• Profile 4: The “Collaborator” profile. In the top left quadrant is the Collaborator profile who is inwardly and flexibility focused, who wants to do “things together that last” and is held together by very strong values that he/she is trying to instill in the organizations he/she serves. These profiles are great at building “sustainable, long-term” organizations but they don’t always move so fast (relatively speaking) as they are focused on relationship building which necessarily takes time.

The interplay of these two opposing profiles “Competitor versus Collaborator” creates a second tension in any organization concerning “How fast the organization should innovate”. Do we go really fast to obtain the short-term goals or do we go a little less fast so that we can develop the culture and competencies that will make the organization more sustainable in the long term?

Jeff deGraff reminds us that there are 3 key points to be remembered when applying the “Competing Values” framework to any organization:

  1. Any organization is only as good as the “weakest” quadrant. To develop, grow and succeed, you need all 4 quadrants to play an integral part. For example, if we are great at the “Create” quadrant but not great at the “Control” quadrant, we won’t be able to take that radical new idea and turn it into a really big idea that will work everywhere because we won’t be systematic enough. So all 4 quadrants are necessary and they have to work in sync.
  2. We must build a management “portfolio” because one style of management won’t work everywhere. We may start a project in the “Compete” mode with a strongly goal focused project manager but at a certain moment in time, we may want to transition to a “cooperator” profile if we want to make the project sustainable in the long term.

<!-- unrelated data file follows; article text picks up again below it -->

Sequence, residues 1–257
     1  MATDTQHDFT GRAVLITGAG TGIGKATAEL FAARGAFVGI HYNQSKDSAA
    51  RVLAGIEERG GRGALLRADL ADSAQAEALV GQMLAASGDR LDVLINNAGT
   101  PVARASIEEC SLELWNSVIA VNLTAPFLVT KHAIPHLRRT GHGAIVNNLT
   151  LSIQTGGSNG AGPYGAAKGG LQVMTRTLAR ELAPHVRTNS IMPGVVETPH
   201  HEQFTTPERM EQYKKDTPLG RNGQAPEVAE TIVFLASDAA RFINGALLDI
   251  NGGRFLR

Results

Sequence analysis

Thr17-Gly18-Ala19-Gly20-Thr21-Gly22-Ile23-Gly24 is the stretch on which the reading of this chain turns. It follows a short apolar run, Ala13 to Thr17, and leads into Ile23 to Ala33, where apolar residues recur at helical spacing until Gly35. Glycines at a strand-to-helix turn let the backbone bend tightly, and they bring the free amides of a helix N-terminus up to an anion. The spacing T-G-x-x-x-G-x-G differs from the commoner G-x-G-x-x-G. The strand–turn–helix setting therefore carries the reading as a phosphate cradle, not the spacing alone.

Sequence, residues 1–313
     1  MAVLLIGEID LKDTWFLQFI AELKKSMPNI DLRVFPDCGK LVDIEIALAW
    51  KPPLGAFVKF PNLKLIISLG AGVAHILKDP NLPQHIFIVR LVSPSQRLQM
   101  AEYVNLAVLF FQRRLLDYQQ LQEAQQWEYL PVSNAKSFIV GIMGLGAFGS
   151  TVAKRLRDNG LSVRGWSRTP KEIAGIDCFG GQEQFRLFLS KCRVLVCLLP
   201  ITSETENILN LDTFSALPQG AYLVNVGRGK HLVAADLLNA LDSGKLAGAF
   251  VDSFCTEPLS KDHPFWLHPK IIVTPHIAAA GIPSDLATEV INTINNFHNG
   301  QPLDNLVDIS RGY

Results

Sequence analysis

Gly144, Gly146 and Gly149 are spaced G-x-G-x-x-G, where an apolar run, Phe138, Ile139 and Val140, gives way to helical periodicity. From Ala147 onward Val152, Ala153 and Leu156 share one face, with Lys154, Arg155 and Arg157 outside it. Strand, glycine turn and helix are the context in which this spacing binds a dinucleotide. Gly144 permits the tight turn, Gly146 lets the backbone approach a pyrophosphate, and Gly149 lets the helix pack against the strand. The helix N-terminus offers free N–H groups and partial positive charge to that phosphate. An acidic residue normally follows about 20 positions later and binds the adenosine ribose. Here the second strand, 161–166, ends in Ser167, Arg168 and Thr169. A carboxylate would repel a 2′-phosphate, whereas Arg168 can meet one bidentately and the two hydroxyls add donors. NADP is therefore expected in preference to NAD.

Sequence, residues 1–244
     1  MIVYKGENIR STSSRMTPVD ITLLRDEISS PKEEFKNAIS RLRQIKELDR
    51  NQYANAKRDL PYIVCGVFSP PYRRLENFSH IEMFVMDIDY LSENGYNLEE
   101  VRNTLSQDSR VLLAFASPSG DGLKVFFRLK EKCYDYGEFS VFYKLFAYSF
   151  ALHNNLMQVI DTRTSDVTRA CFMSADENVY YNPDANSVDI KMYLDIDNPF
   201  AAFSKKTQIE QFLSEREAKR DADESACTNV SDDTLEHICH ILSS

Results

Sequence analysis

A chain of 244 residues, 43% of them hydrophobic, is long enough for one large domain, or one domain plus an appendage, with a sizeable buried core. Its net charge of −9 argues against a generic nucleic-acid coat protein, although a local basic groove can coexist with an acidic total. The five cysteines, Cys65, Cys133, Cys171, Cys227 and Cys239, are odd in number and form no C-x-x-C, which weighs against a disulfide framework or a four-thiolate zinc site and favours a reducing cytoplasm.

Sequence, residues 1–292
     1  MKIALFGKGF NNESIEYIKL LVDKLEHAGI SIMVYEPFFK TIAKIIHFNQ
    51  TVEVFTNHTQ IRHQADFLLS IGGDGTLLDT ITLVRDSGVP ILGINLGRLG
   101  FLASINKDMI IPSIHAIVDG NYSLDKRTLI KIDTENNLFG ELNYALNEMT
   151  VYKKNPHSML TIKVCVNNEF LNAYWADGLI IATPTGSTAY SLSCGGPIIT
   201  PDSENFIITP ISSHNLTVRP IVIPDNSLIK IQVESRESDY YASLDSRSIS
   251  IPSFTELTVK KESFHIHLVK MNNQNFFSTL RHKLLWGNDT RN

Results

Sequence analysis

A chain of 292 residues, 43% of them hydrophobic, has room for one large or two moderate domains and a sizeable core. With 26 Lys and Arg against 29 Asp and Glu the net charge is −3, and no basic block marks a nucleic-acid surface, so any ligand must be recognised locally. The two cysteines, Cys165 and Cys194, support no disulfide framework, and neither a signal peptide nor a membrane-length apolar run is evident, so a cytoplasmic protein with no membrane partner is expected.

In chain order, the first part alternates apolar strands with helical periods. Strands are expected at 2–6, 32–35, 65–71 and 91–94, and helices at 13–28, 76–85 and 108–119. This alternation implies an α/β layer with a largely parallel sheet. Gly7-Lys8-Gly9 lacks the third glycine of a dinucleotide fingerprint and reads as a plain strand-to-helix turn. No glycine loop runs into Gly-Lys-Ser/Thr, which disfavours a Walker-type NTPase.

3. Most importantly, “how we create” is “what we create”. In other words, define your processes to the outcome you expect. If you want a radical new idea, select a “Create” profile and not a “Control” profile, pick the right kind of processes which encourage a “radical” outcome and don’t burden the project with excessive processes and procedures which will inhibit action and the generation of a radical outcome expected.

To summarize, as Jeff de Graff points out, rather than being counter productive and to be eliminated at all costs, the tensions generated by the interplay and competition of these four profiles : “Create versus Control” and “Compete versus Cooperate”  through “constructive conflict” can produce the hybrids and types of innovations today’s complex organizations are looking for.

Above all, as Jeff de Graff’s fellow academics Cameron and Quinn point out in their book entitled “Diagnosing and Changing Organizational Culture” (2011), “the highest-performing leaders…have developed capabilities and skills that allow them to succeed in each of the four quadrants. That is, they are self-contradictory, behaviorally complex leaders in the sense that they can be simultaneously hard and soft, entrepreneurial and controlled….Managerial effectiveness is inherently tied to paradoxical attributes, just as organizational effectiveness is. Effective managers and effective organizations are paradoxical! 

Food for thought!

Check out  Jeff de Graff’s website for more information on the Competing Values framework at Competing Values Leadership